Do you have a dog of over 7 years of age? If so, there are important things you need to know!
Loss of hearing, vision and reduced activity are often a normal part of ageing. There are, however, many changes that occur as our pets age that can be managed and in some cases even prevented if detected early enough. A general check-over every 6 months is recommended for animals over 7 years of age. This is equivalent to seeing a doctor every 4 human years, so please be aware that a lot of things can change in this time! Seeing the vet regularly will allow earlier detection of problems, so that we can maintain their quality of life for as long as possible.
Some early warning signs to look out for:
- Change in appetite
- Excessive drinking and/ or urination
- Unexplained weight loss or gain
- Loss of housetraining/ incontinence
- Behavioural changes – e.g. irritableness, reduced human interaction and playfulness, confusion
- Bad breath
- Difficulty jumping, walking, rising or climbing stairs
- Reduced activity and lower exercise tolerance (i.e. becoming tired quicker than normal)
- Persistent cough
- Change in sleep patterns
What does a senior check up include?
1. An opportunity to ask any niggling questions you may have about changes in your dog’s behaviour, physical appearance etc.
2. Complete physical examination – nose to tail-tip! – by an experienced veterinarian. The vet will listen to your dog’s heart and lungs, and the abdomen will be palpated. You will also be provided with an accurate weight measurement.
3. Diagnostic testing. Blood and urine tests can reveal disease and changes in the animal even before we can detect signs and symptoms in the animal themselves. Such tests are therefore very useful in early disease prevention, as early stages of some diseases can be managed as easily as by simple diet changes. Yearly blood testing is an integral part of our health care protocol for older patients.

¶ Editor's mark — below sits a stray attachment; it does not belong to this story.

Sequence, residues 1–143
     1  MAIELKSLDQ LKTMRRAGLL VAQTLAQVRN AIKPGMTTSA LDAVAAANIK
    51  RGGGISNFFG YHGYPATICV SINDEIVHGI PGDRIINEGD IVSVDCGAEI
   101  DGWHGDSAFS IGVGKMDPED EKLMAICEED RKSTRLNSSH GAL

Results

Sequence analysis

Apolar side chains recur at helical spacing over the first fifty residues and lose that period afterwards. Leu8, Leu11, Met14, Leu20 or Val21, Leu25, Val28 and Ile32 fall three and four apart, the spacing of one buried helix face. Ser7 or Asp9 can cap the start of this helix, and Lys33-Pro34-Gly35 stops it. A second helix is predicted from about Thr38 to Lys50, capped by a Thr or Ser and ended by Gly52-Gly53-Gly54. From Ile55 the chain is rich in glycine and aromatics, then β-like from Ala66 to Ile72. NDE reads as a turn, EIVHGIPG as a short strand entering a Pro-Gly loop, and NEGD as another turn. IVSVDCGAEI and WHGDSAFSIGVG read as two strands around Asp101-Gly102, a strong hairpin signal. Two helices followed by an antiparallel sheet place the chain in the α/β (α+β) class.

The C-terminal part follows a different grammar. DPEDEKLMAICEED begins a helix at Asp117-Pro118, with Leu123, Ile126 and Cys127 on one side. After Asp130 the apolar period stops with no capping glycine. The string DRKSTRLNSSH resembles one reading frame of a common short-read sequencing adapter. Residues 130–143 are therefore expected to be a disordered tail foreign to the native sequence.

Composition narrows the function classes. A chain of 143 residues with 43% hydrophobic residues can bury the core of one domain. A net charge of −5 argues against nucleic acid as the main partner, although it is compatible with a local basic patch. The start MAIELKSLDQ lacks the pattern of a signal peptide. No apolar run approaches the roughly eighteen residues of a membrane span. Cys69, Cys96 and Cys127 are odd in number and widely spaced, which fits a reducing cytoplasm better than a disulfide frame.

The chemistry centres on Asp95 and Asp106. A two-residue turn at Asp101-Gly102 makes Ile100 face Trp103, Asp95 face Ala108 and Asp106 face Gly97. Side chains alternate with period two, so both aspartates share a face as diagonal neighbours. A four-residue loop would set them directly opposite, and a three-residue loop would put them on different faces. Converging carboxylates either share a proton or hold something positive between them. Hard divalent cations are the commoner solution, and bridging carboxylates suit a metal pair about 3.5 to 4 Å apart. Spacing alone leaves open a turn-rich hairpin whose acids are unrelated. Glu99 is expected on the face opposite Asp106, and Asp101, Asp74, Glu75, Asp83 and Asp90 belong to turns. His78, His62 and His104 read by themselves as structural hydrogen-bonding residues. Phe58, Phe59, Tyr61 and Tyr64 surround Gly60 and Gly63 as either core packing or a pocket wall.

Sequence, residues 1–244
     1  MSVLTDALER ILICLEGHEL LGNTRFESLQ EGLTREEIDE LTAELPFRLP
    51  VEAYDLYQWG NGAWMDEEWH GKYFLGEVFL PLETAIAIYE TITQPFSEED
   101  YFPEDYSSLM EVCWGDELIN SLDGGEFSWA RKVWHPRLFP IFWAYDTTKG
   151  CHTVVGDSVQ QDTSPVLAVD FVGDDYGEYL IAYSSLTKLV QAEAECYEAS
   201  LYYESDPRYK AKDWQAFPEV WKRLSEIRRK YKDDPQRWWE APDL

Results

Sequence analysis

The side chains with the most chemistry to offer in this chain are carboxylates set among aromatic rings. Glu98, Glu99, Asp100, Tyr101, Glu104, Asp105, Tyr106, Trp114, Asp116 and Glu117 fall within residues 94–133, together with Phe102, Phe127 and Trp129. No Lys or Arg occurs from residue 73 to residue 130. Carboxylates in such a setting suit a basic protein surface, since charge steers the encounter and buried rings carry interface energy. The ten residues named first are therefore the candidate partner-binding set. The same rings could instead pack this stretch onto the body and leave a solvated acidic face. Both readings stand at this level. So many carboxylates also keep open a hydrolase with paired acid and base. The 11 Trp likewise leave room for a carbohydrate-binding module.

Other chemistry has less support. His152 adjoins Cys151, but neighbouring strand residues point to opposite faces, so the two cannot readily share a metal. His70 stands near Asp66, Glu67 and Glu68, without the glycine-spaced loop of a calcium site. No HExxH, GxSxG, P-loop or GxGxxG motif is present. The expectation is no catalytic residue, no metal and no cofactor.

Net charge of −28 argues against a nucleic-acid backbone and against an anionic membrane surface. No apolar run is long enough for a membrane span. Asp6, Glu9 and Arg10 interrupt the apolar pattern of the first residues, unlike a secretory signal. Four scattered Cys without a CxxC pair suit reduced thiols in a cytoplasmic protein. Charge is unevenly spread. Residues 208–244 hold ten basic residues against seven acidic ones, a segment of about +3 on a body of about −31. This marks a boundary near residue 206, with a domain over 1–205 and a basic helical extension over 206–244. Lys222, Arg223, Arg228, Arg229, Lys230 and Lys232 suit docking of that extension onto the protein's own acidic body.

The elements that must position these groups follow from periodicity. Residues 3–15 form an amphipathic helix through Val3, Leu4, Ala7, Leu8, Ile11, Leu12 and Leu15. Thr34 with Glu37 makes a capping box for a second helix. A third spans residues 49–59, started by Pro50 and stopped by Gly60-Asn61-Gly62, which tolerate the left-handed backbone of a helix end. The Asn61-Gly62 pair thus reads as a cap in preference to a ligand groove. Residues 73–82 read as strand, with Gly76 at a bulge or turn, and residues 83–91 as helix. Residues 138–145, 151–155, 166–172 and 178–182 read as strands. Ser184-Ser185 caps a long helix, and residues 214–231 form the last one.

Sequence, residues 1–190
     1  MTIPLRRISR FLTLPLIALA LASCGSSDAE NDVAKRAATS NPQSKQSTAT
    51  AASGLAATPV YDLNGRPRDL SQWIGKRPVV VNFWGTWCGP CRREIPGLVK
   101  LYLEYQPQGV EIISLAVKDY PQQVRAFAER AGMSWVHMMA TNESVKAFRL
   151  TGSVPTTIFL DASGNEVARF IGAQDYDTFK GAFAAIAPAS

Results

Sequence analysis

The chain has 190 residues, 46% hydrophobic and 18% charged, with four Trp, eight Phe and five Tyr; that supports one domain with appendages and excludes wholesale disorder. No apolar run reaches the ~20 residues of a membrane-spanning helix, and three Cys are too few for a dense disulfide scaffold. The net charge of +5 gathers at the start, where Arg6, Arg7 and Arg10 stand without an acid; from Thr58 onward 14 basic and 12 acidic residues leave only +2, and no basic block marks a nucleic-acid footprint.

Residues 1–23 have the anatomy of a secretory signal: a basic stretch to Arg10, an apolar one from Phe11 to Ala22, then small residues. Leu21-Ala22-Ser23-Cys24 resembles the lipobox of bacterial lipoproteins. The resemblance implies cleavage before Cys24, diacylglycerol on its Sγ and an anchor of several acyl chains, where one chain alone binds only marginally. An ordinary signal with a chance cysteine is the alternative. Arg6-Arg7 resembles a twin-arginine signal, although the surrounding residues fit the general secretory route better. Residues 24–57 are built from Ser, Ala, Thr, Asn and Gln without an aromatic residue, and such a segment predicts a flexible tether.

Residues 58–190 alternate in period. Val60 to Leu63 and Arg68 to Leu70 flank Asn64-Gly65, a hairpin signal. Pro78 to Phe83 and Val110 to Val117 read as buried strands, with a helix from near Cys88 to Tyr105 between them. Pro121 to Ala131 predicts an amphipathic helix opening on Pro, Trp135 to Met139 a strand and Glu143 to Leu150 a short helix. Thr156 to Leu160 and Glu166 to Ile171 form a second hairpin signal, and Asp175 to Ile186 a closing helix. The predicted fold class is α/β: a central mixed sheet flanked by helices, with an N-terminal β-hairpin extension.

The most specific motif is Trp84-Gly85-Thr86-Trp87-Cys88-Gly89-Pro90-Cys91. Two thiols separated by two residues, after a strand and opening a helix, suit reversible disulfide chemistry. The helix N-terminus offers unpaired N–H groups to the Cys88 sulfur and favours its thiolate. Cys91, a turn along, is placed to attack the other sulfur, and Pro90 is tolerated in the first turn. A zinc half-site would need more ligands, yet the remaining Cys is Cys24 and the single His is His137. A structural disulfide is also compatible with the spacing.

i) Look out for early warning signs and make sure to come in for routine check-ups every 6 months.
ii) Blood screening should be done at least yearly. Urine testing should be every 6 months.
iii) Keep up to date with vaccination and parasite control – immune function can deteriorate with ageing, making vaccinations just as important to our older patients as when they were young!
iv) Regular weight checks – free here at Daisy Hill! – will help you to detect changes in weight.
v) Routine cleaning by brushing or with dental diets is very important as your dog ages, as excess bacteria in the mouth can be absorbed and cause problems elsewhere in the body.
vi) Exercise maintains muscle tone, reduces obesity, and stimulates your pet mentally.
vii) Correct nutrition based on your dog’s age and stage of life is very important. Make sure your dog is on a premium diet for seniors or a diet specific to any medical problems your dog may have.
viii) Look at your dog’s environment – get down to your dog’s level, or watch them for a couple of hours. Are there things that they used to do that are now difficult? Ramps are often a lot easier for a dog compared to stairs. You can get ramps to help your dog get into the car also. Elevating their bowls will also often help older dogs as they no longer have to bend down to eat or drink.